Skagway executives have declared a tax holiday this winter starting this Friday through April 1. This means that the municipality will not collect sales tax on retail products sold in the borough.
The state of Alaska does not levy a sales tax on retail purchases, but does allow municipalities to levy one as a means of collecting revenue. Skagway typically charges a 5% retail sales tax.
But this year they declared a sales tax holiday for half of the year. The concept of tax exemption is not new to Skagwegians, says Finance Chairman Jay Burnham.
âIt’s something we’ve been doing for years and years. And it’s usually a community thing just for the community, âBurnham said.
However, the tax holiday has not lasted all winter since 2016, and in 2020 there was none at all.
Finance committee member Orion Hanson at a recent assembly meeting said federal aid funds the municipality received earlier this summer made the tax holiday offer a no-brainer.
âI think we try to help people here in the winter as much as we can. And we also, in relation to this, unexpectedly received a lot of money from the ARPA funds that were spent on income replacement. And that has changed our financial situation a lot from where we were when we passed this budget, âsaid Hanson.
In a typical summer, hundreds of thousands of enthusiastic shoppers descend on Skagway after visiting cruise ships. This year, Skagway has seen that number drop to less than 10% of a typical season.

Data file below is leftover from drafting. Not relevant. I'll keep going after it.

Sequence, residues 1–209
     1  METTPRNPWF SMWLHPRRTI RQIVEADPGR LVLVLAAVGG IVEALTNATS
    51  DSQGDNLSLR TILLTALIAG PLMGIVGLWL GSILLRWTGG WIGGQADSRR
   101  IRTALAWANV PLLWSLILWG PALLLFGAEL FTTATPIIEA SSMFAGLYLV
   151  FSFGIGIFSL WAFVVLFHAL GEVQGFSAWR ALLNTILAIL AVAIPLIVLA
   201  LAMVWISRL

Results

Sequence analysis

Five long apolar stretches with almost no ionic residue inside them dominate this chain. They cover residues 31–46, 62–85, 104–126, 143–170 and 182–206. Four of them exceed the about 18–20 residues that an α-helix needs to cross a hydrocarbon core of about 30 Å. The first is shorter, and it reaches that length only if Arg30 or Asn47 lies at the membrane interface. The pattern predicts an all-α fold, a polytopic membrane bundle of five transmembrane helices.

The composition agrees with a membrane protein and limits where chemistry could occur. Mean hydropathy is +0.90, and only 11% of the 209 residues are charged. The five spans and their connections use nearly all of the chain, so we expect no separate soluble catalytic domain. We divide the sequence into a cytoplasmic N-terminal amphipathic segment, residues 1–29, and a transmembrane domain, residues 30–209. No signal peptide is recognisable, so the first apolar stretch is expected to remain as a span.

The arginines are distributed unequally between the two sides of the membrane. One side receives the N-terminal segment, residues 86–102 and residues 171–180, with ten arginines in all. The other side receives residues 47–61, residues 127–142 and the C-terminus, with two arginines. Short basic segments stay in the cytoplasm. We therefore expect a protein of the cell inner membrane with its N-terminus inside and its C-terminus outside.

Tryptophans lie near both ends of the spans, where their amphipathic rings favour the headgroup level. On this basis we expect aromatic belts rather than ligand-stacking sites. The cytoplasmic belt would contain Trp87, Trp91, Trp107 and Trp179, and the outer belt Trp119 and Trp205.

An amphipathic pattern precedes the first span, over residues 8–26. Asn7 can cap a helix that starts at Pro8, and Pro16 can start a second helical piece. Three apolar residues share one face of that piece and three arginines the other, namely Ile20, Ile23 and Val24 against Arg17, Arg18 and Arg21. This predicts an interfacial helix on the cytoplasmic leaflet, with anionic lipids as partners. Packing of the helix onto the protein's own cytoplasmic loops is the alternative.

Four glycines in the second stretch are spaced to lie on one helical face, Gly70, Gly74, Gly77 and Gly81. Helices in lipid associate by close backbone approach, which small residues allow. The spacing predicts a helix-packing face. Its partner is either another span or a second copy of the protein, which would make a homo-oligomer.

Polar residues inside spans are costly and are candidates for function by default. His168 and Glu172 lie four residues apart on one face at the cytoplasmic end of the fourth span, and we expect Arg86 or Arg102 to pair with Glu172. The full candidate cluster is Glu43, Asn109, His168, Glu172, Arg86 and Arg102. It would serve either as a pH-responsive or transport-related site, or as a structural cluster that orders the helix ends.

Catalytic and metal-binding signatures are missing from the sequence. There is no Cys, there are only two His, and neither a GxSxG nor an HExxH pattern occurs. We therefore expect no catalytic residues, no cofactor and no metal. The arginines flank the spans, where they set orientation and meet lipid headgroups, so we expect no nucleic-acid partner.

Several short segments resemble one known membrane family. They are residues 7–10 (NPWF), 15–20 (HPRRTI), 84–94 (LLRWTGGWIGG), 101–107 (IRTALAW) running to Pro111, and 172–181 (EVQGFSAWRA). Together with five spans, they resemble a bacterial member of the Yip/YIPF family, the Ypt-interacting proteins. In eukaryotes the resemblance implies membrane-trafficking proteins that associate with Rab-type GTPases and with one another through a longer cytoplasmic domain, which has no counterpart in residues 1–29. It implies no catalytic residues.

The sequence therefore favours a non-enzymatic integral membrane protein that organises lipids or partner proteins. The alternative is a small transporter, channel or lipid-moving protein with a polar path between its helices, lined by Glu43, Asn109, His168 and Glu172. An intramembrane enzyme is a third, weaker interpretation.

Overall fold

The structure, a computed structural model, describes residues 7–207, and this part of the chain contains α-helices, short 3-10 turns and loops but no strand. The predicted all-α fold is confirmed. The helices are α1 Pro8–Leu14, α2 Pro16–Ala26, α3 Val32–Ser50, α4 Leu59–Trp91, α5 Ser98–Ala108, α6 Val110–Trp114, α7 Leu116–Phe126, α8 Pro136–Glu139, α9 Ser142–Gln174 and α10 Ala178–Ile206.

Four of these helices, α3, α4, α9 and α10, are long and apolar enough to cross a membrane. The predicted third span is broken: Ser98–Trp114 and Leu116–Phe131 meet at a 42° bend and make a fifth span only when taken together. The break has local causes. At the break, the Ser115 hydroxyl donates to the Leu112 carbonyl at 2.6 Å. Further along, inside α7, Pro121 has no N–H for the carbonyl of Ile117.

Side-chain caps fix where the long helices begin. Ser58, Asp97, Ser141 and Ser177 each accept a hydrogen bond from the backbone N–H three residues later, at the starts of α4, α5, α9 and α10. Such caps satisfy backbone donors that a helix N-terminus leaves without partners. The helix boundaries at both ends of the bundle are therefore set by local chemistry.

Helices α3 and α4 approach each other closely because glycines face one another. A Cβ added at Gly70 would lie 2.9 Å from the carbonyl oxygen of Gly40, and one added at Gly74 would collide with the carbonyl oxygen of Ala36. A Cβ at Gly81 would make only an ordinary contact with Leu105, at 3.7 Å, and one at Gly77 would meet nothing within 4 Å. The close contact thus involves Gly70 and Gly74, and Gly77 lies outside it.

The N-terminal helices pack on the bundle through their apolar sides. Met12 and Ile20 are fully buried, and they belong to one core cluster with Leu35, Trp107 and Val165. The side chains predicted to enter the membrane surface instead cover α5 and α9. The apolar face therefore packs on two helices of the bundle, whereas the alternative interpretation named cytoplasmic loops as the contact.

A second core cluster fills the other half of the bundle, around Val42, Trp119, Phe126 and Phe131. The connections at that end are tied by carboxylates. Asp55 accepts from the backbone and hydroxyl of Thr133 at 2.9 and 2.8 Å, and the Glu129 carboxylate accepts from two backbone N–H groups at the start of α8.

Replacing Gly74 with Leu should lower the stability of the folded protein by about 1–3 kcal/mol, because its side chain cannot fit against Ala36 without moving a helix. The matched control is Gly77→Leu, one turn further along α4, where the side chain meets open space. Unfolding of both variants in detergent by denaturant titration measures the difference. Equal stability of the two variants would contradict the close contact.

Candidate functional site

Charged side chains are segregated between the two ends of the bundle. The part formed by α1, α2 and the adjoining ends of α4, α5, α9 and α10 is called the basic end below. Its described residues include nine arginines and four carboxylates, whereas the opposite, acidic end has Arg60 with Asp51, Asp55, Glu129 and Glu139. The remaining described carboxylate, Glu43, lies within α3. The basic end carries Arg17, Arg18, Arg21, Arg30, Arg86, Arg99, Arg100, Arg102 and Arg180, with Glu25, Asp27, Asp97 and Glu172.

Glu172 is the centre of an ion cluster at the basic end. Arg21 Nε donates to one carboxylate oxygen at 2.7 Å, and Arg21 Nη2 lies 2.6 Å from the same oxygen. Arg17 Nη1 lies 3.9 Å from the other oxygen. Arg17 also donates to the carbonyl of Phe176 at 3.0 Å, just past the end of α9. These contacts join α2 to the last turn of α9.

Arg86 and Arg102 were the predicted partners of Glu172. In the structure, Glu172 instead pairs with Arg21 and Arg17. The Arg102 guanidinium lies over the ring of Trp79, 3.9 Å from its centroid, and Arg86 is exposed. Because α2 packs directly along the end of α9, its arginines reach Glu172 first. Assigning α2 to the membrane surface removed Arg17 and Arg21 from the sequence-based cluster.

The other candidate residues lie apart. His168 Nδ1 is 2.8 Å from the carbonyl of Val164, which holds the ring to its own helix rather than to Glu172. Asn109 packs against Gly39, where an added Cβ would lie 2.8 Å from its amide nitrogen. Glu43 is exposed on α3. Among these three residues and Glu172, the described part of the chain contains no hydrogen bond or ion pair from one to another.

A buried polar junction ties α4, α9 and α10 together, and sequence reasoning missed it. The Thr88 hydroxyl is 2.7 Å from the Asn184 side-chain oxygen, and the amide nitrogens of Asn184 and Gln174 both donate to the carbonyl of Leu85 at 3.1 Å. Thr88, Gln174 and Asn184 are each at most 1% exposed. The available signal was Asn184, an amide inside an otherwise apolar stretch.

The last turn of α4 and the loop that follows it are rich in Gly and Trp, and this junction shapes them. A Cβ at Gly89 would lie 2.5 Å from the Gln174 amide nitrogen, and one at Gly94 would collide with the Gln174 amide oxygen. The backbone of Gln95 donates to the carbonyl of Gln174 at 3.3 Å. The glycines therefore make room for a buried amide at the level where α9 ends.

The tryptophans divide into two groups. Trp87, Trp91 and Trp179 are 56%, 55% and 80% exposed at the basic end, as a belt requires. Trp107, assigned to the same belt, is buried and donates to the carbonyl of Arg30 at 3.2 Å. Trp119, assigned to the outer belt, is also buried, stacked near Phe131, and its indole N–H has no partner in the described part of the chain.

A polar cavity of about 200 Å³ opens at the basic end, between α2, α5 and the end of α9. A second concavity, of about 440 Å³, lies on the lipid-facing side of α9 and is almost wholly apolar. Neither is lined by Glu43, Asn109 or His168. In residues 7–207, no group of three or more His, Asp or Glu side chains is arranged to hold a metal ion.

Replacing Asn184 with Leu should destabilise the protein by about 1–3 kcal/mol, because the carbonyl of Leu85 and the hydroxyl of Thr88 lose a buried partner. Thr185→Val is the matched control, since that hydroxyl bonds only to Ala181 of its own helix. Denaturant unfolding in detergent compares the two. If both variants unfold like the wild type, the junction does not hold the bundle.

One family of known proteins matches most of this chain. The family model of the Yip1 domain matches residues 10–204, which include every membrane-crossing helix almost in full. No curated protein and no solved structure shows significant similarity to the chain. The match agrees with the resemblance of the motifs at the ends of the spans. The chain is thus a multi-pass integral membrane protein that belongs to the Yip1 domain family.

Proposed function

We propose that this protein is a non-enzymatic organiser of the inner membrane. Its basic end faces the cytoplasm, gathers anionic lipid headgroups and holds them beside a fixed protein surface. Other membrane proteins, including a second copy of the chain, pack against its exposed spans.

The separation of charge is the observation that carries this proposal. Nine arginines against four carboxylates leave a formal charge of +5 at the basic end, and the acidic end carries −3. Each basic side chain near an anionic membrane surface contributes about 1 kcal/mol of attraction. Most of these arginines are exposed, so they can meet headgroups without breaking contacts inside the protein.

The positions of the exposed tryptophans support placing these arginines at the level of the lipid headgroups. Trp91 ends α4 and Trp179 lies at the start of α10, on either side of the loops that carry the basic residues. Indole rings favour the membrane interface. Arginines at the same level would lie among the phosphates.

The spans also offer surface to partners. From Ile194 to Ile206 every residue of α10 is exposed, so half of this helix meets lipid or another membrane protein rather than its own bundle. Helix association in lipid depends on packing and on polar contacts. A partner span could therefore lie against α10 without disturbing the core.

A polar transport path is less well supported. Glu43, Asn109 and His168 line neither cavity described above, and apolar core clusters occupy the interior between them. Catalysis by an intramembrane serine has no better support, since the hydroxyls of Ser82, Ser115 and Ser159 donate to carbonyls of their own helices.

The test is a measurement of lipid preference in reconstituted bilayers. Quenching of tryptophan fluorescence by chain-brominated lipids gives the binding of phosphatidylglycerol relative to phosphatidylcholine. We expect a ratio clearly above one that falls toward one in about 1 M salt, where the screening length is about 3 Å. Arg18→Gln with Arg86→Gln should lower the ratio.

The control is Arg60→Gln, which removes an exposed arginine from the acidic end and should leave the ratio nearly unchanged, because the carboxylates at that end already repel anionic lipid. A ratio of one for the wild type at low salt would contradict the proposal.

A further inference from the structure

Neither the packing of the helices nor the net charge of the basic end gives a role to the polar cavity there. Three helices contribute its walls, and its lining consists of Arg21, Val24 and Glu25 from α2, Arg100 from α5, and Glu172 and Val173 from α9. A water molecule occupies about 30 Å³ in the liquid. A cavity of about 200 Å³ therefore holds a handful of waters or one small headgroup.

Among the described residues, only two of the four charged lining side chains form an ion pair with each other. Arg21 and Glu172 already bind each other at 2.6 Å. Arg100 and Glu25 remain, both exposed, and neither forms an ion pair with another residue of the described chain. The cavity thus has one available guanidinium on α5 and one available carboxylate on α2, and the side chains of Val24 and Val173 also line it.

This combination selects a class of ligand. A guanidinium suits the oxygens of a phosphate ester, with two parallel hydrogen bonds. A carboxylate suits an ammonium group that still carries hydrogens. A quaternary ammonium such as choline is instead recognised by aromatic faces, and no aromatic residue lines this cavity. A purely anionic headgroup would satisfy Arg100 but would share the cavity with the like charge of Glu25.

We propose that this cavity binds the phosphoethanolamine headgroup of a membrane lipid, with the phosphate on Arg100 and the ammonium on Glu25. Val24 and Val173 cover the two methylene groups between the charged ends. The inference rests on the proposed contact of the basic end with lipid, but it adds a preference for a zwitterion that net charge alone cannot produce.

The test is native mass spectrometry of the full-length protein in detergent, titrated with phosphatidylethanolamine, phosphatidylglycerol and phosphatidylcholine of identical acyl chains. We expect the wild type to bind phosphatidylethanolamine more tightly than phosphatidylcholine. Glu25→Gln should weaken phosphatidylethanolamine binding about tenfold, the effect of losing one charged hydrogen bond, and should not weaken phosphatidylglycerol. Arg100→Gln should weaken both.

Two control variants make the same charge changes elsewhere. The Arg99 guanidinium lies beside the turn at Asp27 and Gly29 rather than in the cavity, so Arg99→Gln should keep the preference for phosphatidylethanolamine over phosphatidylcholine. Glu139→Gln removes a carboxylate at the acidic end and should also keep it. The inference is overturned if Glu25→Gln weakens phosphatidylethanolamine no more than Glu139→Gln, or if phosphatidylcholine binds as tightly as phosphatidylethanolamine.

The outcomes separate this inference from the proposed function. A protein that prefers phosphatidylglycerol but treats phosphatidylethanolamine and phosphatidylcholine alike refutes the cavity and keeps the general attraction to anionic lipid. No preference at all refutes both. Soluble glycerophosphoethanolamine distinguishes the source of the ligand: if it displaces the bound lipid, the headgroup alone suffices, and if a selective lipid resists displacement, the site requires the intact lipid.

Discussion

This means that there were less sales for local traders and less income for local workers.
Shawn Overstreet runs the Mountain Shop in Skagway, he says the tax holiday is good for everyone.
âI think it definitely makes a difference. Especially those years when it was a bit difficult financially for a lot of people. I think all the little savings you can rack up go a little deeper these days, âOverstreet said.
He also says one of the only issues with the tax holiday this year is that it’s not sure most people know what’s going on.
âI just found out from an email that arrived in stores last week. So I think I’m not sure what is being done to make it known to the public.
Kristen Wagner manages Duff’s Backcountry Outfitters, and she says the vacations help people who want to shop locally.
âI like to think that people are choosing to buy locally rather than online or something where they are charged tax now when there was none before. So I think that makes us more competitive. We notice people come on tax holidays, âWagner said.
She also says people tend to delay winter shopping until the tax holiday takes effect.
âPeople are stocking up on essentials, you know, they’re going to come and buy a bunch of underwear and socks and Levi’s,â Wagner said.
She said her parents were waiting until October 1 to buy a new Toyo stove for one of their company’s employee quarters.
Jason O’Daniel works at Skagway Hardware and says he expects more large orders after October 1st.
“100% some people will wait to place some of these special orders until we know you’re on sales tax holiday.” I know I take care of the furniture and appliances and that’s usually when I get the most special orders, âsaid O’Daniel.
He recently ordered a new gift for his back porch, but he’s waiting for the tax holiday to start before paying.
âI just ordered a smoker, yes a Traeger. So I’m going to buy it first, âO’Daniel said.
It is not yet known when the first rack of ribs will be ready. The sales tax holiday begins this Friday and ends April 1, 2022.